The lines of the PA system were cut during the earthquake retrofitting construction and were not repaired, although the contractors knew about the issue. On Sept. 26, Beltran sent a survey to teachers about the PA system’s defectiveness and 11 teachers reported issues. The telephones were fixed on Sept. 29 but the PA system wires remain unrepaired.

Giles hopes to retrofit the PA system by replacing the current system with a live video-streaming service in an effort to prevent any future cases of miscommunication during an actual emergency. Alongside Beltran, she intends to provide more visual messages than auditory. Giles is currently researching a visual communication system and writing grants for the materials required. This proposition will require support from the school district and school staff because training time for teachers will be mandatory, according to Giles.

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Instead of focusing on video systems for the future, the administration should focus on fixing the current PA system in case of telephones malfunctioning, as the PA and telephone systems serve to back up one another.

There are also problems with some of the actual evacuation routes that the school needs to address. For example, during a fire alarm or drill, classes from the science building use the fire lane to evacuate to the soccer field. However, fire vehicles also use this road to reach the source of the fire.

This poses a safety hazard to these students, according to Wenning. “You need to get students out of the streets because fire trucks are going to be there,” Wenning said. Rather than walking down the fire lane toward the soccer field, Wenning takes his class across the fire lane and down a dirt path that runs alongside it. “They still have to cross but at least they’re not walking 100 yards down, because that takes time,” Wenning said.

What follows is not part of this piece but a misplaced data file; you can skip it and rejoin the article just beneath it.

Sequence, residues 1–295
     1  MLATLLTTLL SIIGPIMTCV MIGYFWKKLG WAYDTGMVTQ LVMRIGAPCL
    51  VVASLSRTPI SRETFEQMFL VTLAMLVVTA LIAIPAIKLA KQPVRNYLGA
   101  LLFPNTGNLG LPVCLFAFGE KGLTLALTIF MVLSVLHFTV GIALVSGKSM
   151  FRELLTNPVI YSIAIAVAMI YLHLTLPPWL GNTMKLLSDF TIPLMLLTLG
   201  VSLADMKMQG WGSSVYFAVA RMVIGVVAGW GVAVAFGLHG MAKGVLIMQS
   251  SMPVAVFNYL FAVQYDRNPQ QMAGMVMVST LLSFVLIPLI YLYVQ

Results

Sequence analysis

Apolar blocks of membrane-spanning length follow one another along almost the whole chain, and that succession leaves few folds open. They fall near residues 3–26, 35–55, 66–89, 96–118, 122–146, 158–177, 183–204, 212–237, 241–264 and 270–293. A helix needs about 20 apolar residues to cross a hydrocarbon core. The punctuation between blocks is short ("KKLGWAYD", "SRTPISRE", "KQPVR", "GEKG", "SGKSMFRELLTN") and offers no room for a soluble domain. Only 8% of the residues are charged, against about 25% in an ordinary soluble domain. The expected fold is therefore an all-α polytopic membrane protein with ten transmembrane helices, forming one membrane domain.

According to Lowell’s publicized evacuation routes, classes are allowed to utilize the fire lane to evacuate to the soccer field. However, according to San Francisco Fire Department Inspector Kerry Mann, these routes were not permitted in the original evacuation plans.

After being interviewed by The Lowell about this issue, Mann met with SFUSD Buildings and Grounds manager Nathan Walmer at Lowell on July 19 to look over the evacuation plans. According to Mann, students are only supposed to exit the building from the front and sides, and are not supposed to use the fire lane to get to the soccer fields. “They’re not supposed to be exiting out the back,” she said.

Walmer is now talking to Beltran about the disconnect between Lowell’s evacuation routes and the district’s original plan, according to Mann.

Lowell should improve the current evacuation routes so that classes in the science building can safely evacuate without blocking the fire trucks. Rather than just having certain drills during registry, Lowell should begin to perform drills during different times of the day to more accurately simulate real emergency situations. Overall, the administration should review and improve the current methods and procedures for the safety of everyone on campus.

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Lowell’s emergency procedures are lacking: We need a new plan